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Court adjourns Tinubu’s case against Army Chief, Minimah, to April 20

Tinubu: The pathfinder for the opposition
Tinubu: The pathfinder for the opposition

A Federal High Court, Lagos, on Tuesday adjourned till April 20, a fundamental rights’ enforcement suit filed by former governor of Lagos state, Asiwaju Bola Tinubu, against the Chief of Army Staff, Lt. Gen. Kenneth Minimah. Tinubu, a chieftain of the All Progressives Congress (APC), had sued Minimah over the deployment of soldiers to lay siege on his No. 26 Bourdillon Street, Ikoyi, Lagos home, between Feb. 9 and Feb.11.

Justice John Tsoho, had on March 26, granted an interim injunction, banning the military siege on Tinubu’s home and stopping any possible arrest or detention of the applicant during the period of the general elections. After granting the order, the judge adjourned to hear the substantive suit. At the resumed hearing on Tuesday, only the applicant’s counsel, Mr Chukwuma Onwuemene, who was holding brief for Mr Femi Falana (SAN), was in court.

However, Minimah was not represented. Onwuemene, however, prayed the court for a short adjournment for the hearing of the substantive suit. Tsoho recalled that the applicant had already secured an interim injunction shielding him from arrest and intimidation by the military, adding that the court could not give any date before the Easter vacation. He, therefore, adjourned till April 20 for hearing.

Chief of Nigerian army staff Lt.General Kenneth Minimah  attend the commissioning ceremony of the "NNS Centenary", an offshore patrol vessel built by Chinese Shipbuilding and Industry Corporation (CSIC) for Nigerian Navy, on February 19, 2015 in Lagos.  Nigerian President Jonathan commissioned into the service of Nigerian Navy four patrol vessels to enhance maritime surveillance, protection of offshore resources and infrastructure. One of the vessels, a frigate was acquired from the US Coast Guard, and one of two others built by Chinese firm was donated by the Chinese government to its Nigerian counterpart.    AFP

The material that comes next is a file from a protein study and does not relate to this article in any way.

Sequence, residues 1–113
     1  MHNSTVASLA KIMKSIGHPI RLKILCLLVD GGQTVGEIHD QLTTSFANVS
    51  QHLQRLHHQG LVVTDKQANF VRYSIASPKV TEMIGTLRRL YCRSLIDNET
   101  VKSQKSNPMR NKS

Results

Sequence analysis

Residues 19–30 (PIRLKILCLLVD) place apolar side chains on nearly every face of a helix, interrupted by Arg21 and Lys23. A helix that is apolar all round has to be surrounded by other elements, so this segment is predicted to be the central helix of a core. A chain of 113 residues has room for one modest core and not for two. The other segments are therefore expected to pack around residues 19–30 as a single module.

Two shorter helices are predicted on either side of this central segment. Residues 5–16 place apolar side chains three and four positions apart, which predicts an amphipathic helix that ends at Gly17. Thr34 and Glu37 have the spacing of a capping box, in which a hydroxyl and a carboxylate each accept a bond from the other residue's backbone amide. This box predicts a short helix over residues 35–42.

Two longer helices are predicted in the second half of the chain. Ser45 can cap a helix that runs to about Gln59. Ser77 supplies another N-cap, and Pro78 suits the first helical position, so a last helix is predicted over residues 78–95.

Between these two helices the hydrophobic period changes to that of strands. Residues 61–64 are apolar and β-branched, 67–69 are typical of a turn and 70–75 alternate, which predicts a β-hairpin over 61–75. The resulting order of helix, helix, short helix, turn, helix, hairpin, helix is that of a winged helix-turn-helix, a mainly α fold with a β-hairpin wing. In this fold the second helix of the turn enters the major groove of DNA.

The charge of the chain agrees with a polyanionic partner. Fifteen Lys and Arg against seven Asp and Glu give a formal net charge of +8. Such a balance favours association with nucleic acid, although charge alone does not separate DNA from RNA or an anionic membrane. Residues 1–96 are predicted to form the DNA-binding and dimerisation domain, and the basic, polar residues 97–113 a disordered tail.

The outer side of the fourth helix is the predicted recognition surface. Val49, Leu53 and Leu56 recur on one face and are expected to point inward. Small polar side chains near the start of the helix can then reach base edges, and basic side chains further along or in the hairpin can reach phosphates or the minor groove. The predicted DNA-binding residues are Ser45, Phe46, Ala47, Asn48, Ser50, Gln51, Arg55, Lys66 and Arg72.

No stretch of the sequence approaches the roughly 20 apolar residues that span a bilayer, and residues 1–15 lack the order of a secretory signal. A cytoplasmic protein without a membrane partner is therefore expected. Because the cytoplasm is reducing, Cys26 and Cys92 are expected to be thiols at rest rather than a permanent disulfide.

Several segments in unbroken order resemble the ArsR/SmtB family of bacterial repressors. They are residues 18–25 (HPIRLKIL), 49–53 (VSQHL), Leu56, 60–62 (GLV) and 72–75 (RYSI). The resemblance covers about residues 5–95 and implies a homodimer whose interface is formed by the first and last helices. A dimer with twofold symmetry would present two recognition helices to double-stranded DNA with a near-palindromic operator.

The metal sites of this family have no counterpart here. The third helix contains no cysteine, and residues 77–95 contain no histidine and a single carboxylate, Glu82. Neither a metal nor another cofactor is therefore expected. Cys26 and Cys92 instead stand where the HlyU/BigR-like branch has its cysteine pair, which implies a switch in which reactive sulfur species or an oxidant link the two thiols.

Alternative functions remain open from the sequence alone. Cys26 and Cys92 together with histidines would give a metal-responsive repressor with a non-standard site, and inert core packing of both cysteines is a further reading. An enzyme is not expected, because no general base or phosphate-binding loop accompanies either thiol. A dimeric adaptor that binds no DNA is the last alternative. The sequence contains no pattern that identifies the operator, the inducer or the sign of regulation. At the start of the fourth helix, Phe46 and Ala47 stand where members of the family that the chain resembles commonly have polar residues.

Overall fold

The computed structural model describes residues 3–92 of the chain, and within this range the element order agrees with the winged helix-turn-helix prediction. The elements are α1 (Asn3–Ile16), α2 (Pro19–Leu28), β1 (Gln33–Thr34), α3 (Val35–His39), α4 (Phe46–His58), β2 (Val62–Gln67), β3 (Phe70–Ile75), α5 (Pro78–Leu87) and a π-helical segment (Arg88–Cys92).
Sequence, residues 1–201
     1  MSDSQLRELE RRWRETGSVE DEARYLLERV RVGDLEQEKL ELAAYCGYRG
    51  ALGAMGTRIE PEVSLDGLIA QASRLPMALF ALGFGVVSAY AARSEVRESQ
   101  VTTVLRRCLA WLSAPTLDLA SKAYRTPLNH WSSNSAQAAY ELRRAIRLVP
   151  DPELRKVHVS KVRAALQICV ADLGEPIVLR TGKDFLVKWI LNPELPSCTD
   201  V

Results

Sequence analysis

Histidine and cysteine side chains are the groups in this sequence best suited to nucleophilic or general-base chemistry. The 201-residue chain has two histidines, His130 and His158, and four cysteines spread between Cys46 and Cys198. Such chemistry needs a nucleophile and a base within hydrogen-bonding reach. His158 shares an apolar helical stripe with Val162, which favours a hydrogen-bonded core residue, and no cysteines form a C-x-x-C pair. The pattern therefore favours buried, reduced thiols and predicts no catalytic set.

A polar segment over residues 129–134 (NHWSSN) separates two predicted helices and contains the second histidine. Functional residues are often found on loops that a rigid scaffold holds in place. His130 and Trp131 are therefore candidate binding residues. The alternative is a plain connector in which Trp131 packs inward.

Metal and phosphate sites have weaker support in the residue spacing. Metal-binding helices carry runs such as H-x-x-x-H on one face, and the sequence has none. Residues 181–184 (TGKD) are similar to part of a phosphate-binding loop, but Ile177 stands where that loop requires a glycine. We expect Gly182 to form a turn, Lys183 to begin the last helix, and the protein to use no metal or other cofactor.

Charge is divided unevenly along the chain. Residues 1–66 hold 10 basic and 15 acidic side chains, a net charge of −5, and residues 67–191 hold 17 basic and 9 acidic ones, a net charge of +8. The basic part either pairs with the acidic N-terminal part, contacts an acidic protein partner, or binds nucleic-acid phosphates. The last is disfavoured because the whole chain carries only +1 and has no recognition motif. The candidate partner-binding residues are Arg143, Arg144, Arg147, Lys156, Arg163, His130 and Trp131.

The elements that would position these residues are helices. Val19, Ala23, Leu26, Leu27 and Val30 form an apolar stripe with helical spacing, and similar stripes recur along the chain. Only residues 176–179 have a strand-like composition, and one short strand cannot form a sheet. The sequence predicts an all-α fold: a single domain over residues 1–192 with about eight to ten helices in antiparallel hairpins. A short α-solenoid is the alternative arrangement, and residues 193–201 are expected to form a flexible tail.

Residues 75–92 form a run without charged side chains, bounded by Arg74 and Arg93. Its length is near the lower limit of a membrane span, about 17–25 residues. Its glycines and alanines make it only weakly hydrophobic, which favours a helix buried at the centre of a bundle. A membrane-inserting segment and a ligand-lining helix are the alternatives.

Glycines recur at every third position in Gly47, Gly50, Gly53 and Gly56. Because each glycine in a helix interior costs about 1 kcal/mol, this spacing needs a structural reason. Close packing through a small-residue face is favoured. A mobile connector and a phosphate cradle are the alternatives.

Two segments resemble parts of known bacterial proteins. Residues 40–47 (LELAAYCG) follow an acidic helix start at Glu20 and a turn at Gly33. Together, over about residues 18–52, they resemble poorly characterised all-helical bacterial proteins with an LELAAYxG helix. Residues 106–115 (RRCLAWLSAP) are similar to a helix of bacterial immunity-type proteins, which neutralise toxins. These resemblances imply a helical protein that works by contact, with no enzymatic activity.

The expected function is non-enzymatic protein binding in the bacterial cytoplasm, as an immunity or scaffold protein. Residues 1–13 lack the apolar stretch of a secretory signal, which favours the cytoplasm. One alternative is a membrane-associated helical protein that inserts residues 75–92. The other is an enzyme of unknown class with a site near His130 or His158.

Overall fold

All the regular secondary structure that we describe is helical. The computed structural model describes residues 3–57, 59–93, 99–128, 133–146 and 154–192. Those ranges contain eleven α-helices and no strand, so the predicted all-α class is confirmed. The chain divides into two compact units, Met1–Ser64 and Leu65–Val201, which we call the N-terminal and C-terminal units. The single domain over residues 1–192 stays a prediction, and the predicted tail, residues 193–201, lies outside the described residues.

Tinubu is seeking a declaration of the court that the military siege on his home was an infringement on his fundamental human rights to private and family life protected under Section 37 of the Constitution of the Federal Republic of Nigeria. The former governor also considered the military action as a violation of sections 35 and 42 of the Constitution as well as Articles 2 and 5 of the African Charter on Human and Peoples Rights (Ratification and Enforcement) Act.

He claimed that the military siege on his home caused him and his family “psychological and mental torture’’. Tinubu’s personal assistant, Mr Sunday Dare, who deposed to an affidavit in support of the action, said: “That the applicant was exposed to embarrassment as many members of the public asked whether he committed any offence, which could have warranted the siege.

“That the siege portrayed him as a hardened criminal in the society.” Tsoho restrained Minimah and his privies from “arresting, detaining, harassing or intimidating the applicant’’ until the determination of the substantive suit. The judge also ordered the military not to hinder Tinubu from participating in the 2015 general elections.


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